In Washington, meanwhile, Sen. Patty Murray (D) is also likely to prove difficult to beat. The longtime Washington Democrat has already won five Senate races in her state, scoring an 18-point victory in 2016, the last time she was on the ballot. At the same time, Washington voters haven’t sent a Republican to the Senate since 1994.
Still, Republicans see some potential there. The party has largely coalesced around former triage nurse Tiffany Smiley as their candidate, and a recent survey from the Democratic-leaning firm Public Policy Polling found Murray with only a 9-point lead over her GOP rival.
Republicans need to flip only one seat in the Senate this year to regain their majority in the upper chamber. Nevertheless, Republicans are facing their own set of challenges.
While the GOP is playing offense in Georgia, Arizona, New Hampshire and Nevada, the party is also defending Senate seats in states like Pennsylvania, North Carolina and Wisconsin. At the same time, the party is riddled with internal disagreements over former President Trump and his baseless claim that the 2020 election was stolen from him.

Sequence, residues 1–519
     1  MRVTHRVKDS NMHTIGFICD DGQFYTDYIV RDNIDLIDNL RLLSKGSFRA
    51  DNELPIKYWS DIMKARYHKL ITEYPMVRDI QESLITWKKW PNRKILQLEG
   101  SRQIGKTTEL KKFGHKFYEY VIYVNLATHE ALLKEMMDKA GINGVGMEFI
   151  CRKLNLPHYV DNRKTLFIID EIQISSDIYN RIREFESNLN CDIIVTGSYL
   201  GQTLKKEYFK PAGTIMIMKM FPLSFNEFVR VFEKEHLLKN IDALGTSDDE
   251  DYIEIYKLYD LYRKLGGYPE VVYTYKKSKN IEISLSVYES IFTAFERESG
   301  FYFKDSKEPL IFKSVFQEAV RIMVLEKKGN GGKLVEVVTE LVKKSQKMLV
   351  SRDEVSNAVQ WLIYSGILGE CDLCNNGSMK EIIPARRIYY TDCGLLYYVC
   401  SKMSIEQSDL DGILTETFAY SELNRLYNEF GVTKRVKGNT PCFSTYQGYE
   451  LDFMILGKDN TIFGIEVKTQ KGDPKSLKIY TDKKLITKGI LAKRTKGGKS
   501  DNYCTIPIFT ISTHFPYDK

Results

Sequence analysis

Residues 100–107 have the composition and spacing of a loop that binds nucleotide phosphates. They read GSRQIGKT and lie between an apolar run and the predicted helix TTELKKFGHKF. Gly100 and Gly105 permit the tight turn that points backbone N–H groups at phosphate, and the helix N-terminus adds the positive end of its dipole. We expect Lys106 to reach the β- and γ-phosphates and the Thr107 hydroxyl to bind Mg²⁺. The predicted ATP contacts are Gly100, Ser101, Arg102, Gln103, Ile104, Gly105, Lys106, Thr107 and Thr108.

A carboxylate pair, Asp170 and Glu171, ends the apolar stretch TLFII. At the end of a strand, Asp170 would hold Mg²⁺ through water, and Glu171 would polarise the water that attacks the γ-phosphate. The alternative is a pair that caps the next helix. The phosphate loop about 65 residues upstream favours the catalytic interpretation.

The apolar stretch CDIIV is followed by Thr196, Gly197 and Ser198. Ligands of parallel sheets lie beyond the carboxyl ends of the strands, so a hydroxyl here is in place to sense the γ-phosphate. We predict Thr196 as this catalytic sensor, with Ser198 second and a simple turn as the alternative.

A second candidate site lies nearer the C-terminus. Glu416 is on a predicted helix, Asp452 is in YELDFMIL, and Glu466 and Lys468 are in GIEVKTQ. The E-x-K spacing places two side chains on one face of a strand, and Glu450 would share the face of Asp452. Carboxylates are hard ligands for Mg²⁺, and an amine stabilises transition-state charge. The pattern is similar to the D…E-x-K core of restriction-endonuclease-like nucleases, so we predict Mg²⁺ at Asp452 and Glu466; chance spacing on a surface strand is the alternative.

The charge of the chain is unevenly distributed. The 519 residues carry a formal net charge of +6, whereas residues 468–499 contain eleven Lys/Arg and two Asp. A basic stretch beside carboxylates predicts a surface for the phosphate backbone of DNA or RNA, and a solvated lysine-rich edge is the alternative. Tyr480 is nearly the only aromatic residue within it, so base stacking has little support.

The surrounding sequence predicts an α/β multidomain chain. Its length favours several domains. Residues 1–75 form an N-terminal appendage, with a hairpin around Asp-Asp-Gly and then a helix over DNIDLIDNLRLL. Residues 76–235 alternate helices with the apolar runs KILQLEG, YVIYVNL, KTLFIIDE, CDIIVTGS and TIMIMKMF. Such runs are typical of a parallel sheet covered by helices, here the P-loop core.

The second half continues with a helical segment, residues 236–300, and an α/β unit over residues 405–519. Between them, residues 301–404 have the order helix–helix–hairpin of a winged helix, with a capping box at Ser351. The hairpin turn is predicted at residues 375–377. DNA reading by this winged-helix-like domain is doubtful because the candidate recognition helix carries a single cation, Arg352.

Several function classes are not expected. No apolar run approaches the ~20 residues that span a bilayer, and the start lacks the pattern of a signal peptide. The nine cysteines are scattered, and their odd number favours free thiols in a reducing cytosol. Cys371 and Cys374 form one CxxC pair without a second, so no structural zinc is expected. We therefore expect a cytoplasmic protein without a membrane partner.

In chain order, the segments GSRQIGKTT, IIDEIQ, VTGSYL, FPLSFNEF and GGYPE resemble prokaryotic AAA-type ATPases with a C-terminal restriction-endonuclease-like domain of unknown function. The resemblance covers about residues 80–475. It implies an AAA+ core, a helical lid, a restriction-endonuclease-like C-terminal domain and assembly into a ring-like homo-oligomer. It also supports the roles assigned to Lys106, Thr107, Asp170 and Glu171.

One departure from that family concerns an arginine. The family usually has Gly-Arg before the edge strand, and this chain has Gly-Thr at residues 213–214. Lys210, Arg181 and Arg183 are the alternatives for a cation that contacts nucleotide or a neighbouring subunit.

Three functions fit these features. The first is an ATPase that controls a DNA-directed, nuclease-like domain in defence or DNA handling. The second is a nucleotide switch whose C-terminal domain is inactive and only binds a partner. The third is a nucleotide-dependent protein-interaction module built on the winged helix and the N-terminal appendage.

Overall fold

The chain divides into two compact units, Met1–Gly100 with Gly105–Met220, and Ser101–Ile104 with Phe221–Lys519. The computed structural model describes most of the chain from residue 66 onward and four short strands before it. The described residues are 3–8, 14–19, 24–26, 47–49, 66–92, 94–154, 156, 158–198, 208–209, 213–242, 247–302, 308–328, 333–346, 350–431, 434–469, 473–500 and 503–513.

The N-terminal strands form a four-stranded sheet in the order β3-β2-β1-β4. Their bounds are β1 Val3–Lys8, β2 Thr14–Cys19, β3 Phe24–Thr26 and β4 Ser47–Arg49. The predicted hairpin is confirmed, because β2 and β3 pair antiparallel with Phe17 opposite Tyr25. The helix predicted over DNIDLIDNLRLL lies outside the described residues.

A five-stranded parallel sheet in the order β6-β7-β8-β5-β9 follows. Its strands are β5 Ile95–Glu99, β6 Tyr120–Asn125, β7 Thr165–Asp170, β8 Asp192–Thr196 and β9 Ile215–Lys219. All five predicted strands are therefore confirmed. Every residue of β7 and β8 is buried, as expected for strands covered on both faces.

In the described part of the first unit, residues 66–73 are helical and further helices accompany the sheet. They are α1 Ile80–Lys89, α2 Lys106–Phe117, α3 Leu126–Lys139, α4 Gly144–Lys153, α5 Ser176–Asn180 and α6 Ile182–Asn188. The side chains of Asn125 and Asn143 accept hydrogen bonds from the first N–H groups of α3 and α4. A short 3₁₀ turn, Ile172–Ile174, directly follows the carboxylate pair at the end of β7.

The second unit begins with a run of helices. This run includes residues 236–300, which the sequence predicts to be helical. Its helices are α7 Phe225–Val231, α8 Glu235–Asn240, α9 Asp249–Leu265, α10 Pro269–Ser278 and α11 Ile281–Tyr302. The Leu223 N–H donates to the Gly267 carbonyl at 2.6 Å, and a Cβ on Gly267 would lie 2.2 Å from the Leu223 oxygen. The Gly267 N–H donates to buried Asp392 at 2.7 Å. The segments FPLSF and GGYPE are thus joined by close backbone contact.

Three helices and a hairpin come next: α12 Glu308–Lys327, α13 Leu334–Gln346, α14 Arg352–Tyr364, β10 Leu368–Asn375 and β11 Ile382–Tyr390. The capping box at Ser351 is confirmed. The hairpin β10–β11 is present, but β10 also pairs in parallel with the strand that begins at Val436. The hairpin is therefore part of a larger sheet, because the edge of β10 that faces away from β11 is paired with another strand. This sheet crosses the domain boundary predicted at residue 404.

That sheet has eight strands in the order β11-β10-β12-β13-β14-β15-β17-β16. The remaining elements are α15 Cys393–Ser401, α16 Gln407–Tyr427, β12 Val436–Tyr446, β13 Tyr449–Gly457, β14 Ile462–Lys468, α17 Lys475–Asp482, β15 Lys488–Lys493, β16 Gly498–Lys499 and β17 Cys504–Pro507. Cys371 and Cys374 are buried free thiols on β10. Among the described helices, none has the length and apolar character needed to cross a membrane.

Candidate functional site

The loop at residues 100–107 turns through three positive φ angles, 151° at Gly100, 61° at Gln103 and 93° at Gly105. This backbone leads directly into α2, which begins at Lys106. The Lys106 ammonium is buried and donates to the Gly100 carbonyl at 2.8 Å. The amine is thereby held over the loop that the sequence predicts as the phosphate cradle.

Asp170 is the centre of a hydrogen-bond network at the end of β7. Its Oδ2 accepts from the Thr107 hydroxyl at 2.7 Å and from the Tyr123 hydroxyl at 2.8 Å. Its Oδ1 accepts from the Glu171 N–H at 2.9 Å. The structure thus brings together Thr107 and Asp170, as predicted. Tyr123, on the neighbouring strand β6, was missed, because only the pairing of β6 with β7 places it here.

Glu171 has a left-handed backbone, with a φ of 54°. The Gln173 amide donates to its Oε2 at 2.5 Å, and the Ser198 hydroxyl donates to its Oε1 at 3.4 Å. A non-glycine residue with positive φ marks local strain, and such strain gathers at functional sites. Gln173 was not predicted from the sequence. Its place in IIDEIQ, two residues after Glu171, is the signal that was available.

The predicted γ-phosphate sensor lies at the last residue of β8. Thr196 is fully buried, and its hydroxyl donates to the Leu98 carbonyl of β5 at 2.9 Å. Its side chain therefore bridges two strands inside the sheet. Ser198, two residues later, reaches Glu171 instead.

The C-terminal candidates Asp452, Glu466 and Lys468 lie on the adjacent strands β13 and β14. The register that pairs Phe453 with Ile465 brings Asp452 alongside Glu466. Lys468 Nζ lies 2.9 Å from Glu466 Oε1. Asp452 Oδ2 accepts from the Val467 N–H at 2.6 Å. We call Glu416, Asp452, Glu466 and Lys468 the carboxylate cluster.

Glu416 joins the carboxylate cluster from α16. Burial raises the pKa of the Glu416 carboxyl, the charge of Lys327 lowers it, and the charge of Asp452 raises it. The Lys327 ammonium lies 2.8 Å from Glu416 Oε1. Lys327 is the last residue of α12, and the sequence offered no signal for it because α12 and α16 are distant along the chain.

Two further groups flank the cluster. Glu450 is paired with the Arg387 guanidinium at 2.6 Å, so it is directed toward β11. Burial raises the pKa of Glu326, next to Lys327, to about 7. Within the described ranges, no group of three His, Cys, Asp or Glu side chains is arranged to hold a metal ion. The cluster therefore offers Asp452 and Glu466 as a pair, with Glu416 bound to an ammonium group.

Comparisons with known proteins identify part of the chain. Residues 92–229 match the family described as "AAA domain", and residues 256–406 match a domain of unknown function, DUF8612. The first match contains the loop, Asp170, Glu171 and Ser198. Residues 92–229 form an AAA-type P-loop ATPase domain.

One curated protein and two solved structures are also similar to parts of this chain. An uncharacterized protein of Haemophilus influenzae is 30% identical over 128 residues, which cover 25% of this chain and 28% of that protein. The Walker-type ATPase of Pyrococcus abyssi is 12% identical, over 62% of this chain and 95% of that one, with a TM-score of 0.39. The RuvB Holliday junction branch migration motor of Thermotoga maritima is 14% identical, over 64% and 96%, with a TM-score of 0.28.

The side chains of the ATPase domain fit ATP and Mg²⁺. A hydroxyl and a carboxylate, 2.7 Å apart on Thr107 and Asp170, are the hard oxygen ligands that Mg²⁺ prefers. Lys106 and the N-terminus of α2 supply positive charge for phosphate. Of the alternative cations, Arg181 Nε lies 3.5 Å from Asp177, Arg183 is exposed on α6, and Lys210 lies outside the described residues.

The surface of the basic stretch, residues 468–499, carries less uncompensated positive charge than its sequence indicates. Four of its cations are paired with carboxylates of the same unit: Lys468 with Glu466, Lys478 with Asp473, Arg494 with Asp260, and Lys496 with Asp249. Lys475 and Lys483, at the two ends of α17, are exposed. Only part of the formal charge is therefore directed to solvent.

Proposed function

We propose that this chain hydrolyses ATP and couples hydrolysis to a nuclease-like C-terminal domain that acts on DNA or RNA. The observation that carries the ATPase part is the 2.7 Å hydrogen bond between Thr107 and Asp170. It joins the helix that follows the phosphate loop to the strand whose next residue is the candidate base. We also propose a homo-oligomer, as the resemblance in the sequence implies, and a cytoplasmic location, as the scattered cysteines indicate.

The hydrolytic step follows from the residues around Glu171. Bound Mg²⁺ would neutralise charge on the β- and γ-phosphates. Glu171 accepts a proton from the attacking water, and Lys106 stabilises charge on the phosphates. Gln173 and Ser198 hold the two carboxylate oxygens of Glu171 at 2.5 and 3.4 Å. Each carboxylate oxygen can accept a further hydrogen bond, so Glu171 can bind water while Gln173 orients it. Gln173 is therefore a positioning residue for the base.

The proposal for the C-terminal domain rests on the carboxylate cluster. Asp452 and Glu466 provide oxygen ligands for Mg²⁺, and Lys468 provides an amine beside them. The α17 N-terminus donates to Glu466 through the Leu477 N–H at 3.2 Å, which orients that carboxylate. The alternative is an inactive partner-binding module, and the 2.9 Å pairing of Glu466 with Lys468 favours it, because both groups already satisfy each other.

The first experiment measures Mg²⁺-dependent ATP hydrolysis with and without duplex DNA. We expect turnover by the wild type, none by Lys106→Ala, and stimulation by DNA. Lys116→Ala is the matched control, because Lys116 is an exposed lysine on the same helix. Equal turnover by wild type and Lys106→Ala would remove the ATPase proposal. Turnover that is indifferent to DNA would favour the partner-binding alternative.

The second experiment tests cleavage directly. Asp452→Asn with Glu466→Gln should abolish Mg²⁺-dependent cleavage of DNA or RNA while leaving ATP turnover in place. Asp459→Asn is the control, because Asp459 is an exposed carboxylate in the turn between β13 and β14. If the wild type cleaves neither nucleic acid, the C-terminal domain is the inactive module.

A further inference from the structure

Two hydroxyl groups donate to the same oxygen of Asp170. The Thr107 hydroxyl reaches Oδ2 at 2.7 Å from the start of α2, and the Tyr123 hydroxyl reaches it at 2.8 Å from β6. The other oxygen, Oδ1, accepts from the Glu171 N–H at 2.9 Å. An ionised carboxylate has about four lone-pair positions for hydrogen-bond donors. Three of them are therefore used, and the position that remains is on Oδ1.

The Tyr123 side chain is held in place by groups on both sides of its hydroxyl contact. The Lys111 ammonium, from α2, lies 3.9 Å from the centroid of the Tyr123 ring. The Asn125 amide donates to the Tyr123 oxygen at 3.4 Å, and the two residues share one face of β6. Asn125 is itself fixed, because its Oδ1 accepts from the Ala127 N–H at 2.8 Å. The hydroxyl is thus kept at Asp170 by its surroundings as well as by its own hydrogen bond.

And though they may be facing historical headwinds this year, Democrats aren’t ceding any races to Republicans.
“While Senate Democrats are fighting for working families, flawed Republican candidates are stuck in vicious primaries and running on a disastrous agenda: raising taxes on seniors, ending Medicare and Social Security and pushing the interests of big corporations that get rich by keeping prices high,” said David Bergstein, a spokesperson for the Democratic Senatorial Campaign Committee. “This is a dynamic that will lead their campaigns to defeat across the country.”
Still, one Republican strategist with deep experience in Senate campaigns said that by eyeing races in bluer states, the goal isn’t necessarily to flip those seats, but rather to put Democrats on notice. Even if the party falls short in those long-shot races, the strategist said, it could still force Democrats to shift some resources away from key battlegrounds as they look to bolster their incumbents.
“If it’s the week after Labor Day and Democrats now have to spend extra money in Colorado, that affects other races as well,” the strategist said. “If the NRSC and the DSCC in the six weeks before the election are reallocating resources, it’s most likely because Republicans see opportunities and Democrats see vulnerabilities. That’s the expanding map.”